The terms “assault” and “battery” have a particular historical meaning. This is usually complicated by common misunderstandings and differing terminology. In New Jersey, “assault” can refer to the crime of assault, which has multiple levels and various punishments. If you have been charged with assault in New Jersey, it is vital that you talk to a criminal defense attorney right away.
If you or a loved one was charged with a crime in New Jersey, take your case to the Atlantic City criminal defense attorneys at The Law Offices of John J. Zarych. Our lawyers fight to get charged dropped or dismissed, and to get sentences reduced. We also offer free consultations on new cases.
Criminal Assault Cases in New Jersey
The crime of assault is found in the New Jersey Code of Criminal Justice under N.J.S.A. § 2C:12-1. There are two forms of assault in New Jersey: simple assault and aggravated assault. One of the confusions with the terms “assault” and “battery” is that many states call the crime of hitting another person “battery,” but others use “assault.” New Jersey’s assault crimes cover the action of intentionally hitting another to cause them injury.
Simple assault covers the following actions:
- Knowingly or recklessly causing (or attempting to cause) bodily injury to another;
- Negligently causing bodily injury to another with a deadly weapon; or
- Attempting to put someone n fear of imminent bodily injury by “physical menace.”
For the first type of assault, the injuries must be “bodily injury.” This includes “physical pain, illness or any impairment of physical condition,” under N.J.S.A. § 2C:11-1’s definition. This includes relatively basic injuries that clearly exist, but are not too severe.
The difference between the first and second types are the required mental state. For the first, it must be actual, intentional action, or you must recognize the danger and ignore it. For the second, the injury needs to be negligent, meaning that you failed to use the proper care with the deadly weapon.
For the third type, there are two necessary definitions. First, “physical menace” means the physically intimidating and threatening actions of your body. This can be an angry face, a violent stance, or punches or kicks that were not intended to actually hit. The fear of injury must be “imminent,” meaning immediately possible. Threats from the other side of a window or in a video are not “imminent.”
Aggravated assault is the more serious form of assault, which covers the following actions:
- Intentionally causing serious bodily injury (or recklessly causing serious bodily injury “under circumstances manifesting extreme indifference to the value of human life”);
- Intentionally causing bodily injury with a deadly weapon;
- Recklessly causing bodily injury with a deadly weapon;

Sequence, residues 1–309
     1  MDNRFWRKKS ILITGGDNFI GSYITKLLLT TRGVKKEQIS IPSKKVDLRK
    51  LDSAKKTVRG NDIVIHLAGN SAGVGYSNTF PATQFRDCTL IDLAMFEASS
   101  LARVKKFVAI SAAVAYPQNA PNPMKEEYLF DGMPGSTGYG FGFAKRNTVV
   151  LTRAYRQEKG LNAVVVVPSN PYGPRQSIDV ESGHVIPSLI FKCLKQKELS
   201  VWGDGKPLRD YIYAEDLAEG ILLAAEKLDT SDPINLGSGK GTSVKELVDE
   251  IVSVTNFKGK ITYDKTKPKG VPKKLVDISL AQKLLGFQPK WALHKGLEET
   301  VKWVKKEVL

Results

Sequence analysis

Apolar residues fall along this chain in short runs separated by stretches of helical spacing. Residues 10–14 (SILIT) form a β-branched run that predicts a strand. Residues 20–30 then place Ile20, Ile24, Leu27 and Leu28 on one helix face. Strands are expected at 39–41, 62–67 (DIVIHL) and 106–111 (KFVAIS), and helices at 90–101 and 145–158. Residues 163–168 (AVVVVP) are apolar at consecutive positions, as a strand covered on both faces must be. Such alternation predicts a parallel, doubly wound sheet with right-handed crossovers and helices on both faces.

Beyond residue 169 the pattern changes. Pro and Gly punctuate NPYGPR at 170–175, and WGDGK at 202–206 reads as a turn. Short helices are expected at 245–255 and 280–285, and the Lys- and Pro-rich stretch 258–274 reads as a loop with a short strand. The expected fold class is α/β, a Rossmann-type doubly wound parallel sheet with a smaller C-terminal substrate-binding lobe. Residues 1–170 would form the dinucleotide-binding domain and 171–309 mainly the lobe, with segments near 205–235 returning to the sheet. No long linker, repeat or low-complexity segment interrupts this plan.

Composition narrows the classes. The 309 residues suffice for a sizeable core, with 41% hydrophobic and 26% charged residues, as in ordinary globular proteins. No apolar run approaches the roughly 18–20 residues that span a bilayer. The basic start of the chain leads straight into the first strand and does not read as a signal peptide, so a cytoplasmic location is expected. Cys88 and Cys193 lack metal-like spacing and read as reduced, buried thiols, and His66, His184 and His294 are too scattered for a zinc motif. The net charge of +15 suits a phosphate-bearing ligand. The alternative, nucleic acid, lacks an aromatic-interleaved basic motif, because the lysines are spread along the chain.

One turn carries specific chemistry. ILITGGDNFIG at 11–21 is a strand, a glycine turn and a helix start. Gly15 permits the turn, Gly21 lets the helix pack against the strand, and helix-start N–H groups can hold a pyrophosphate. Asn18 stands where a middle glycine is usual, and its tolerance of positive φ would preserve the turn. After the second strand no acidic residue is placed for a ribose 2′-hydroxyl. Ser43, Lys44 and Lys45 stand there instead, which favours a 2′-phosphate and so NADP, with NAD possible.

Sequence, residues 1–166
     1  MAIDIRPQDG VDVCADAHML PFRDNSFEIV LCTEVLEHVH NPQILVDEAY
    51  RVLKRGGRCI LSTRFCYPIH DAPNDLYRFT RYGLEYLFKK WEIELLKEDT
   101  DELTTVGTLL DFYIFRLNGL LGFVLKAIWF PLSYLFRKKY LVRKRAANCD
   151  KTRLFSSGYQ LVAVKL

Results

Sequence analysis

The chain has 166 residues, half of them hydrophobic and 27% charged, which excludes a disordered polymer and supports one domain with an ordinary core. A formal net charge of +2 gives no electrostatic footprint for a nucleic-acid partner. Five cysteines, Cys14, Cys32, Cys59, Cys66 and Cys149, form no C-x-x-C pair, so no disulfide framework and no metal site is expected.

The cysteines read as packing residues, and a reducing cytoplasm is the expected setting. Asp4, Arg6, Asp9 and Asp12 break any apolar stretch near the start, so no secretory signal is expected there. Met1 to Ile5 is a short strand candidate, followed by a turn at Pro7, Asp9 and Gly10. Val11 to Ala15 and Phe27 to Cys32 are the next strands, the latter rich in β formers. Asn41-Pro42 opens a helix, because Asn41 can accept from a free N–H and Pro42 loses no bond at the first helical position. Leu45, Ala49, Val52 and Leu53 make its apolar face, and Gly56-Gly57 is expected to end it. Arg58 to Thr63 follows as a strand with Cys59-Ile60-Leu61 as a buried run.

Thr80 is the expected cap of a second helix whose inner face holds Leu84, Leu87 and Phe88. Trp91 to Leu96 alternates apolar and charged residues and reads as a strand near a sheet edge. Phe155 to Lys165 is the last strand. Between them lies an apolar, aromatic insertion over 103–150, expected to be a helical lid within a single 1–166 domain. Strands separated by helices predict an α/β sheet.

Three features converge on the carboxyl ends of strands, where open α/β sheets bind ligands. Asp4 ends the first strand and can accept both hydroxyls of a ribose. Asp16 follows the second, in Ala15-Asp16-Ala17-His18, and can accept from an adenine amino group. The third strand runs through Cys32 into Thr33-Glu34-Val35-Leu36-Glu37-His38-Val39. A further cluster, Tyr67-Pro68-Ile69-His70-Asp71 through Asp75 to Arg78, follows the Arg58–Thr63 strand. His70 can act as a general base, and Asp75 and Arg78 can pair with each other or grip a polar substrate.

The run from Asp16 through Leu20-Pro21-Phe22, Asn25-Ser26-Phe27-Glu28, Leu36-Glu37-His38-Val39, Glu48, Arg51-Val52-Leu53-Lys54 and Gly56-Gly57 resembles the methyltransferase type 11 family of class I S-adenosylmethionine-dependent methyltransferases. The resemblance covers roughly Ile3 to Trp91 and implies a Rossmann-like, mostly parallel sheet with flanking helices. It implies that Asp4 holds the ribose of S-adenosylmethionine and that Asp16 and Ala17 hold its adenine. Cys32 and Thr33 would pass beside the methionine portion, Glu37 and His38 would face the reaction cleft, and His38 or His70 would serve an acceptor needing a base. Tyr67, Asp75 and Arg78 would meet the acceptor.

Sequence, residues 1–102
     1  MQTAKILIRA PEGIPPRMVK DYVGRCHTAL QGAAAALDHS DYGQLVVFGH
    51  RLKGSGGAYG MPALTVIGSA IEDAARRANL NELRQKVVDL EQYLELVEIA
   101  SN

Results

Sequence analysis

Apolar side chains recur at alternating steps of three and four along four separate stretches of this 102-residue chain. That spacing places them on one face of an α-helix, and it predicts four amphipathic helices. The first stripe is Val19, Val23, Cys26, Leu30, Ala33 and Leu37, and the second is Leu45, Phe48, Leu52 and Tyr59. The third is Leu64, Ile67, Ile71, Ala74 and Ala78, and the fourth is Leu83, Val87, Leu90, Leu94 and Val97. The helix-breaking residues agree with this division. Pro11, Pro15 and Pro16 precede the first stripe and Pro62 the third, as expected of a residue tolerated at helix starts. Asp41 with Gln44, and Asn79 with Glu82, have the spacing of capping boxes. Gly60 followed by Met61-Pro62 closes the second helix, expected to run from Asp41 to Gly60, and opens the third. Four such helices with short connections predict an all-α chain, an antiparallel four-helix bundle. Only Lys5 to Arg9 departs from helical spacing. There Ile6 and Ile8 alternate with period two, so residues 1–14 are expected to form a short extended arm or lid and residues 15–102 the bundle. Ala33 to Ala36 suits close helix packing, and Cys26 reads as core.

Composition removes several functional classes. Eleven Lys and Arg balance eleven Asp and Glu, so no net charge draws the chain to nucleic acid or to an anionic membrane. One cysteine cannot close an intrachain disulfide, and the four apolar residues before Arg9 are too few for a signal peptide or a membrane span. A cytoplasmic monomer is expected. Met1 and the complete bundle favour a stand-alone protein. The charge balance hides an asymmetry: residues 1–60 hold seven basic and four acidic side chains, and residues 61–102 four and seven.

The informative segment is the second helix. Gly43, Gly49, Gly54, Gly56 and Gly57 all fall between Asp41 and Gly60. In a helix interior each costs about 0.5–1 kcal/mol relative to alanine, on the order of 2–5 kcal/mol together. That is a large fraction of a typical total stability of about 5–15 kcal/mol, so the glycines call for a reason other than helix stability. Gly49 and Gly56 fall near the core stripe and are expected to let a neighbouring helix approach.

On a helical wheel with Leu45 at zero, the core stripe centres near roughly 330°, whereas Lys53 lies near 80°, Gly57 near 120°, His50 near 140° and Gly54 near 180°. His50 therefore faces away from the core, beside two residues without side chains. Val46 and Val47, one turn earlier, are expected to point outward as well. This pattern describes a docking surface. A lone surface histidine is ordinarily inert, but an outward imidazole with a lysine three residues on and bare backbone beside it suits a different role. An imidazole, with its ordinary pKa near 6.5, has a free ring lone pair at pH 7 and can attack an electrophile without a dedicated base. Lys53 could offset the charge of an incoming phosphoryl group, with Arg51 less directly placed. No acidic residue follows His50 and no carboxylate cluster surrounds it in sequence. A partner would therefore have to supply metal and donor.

- Pointing a firearm at someone (whether or not it is loaded);
- Committing a simple assault against…
- A law enforcement officer,
- A firefighter,
- A public transportation employee,
- A prison/jail employee;
- A healthcare worker, or
- Other public employees;
- Causing bodily injury while running from the police;
- Causing “significant bodily injury”;
- Causing injury by starting a fire;
- Pointing a gun at law enforcement;
- Pointing an imitation firearm at law enforcement;
- Using a laser sight to make something think you are pointing a gun at them; or
- Causing significant bodily injury to a domestic violence victim.
Many of these upgrade simple assault based on certain criteria. First, if the victim is a public employee such as a cop, a judge, a firefighter, or any healthcare worker, simple assault is upgraded. If the level of injury goes beyond “bodily injury” to “serious bodily injury” or “significant bodily injury,” the crime is upgraded. Additionally, any use of a deadly weapon or firearm, whether loaded or unloaded, whether fired or simply aimed, and whether real or imitation, is also upgraded.
What is “Assault and Battery”?
The meaning of “assault and battery” is commonly misunderstood. These are actually what are known as “torts.” These are intentional actions that cause harm and give victims the ability to file a civil lawsuit for monetary damages. Just because your case went through the criminal system does not stop them from suing you in civil court, as well. Our lawyers defend against criminal charges, but not civil assault and battery cases. However, it is vital to get an attorney on your criminal case because a conviction could hurt your finances in a later civil case.
“Battery,” in this context, is the tort of hitting someone else. Typically, this tort requires that someone intentionally hit another, with the intent to cause them injury. Unlike the crime of assault, this does not include attempts to hit. “Assault” in the civil context is the act of placing someone in fear of being hit. Usually, this is very close to the assault by physical menace, covered above. It would also cover an attempt to hit.
Atlantic City Criminal Defense Attorneys
If you were charged with the crime of assault, or you were in a fight and think you may be charged, talk to an attorney. There are many lesser crimes that cover the same sort of conduct that might be more appropriate in your case. Our attorneys might be able to argue for reduced charges or for the charges to be dropped altogether. Call the Atlantic City assault defense lawyers at The Law Offices of John J. Zarych today. For a free, confidential consultation on your case, call (609) 616-4956.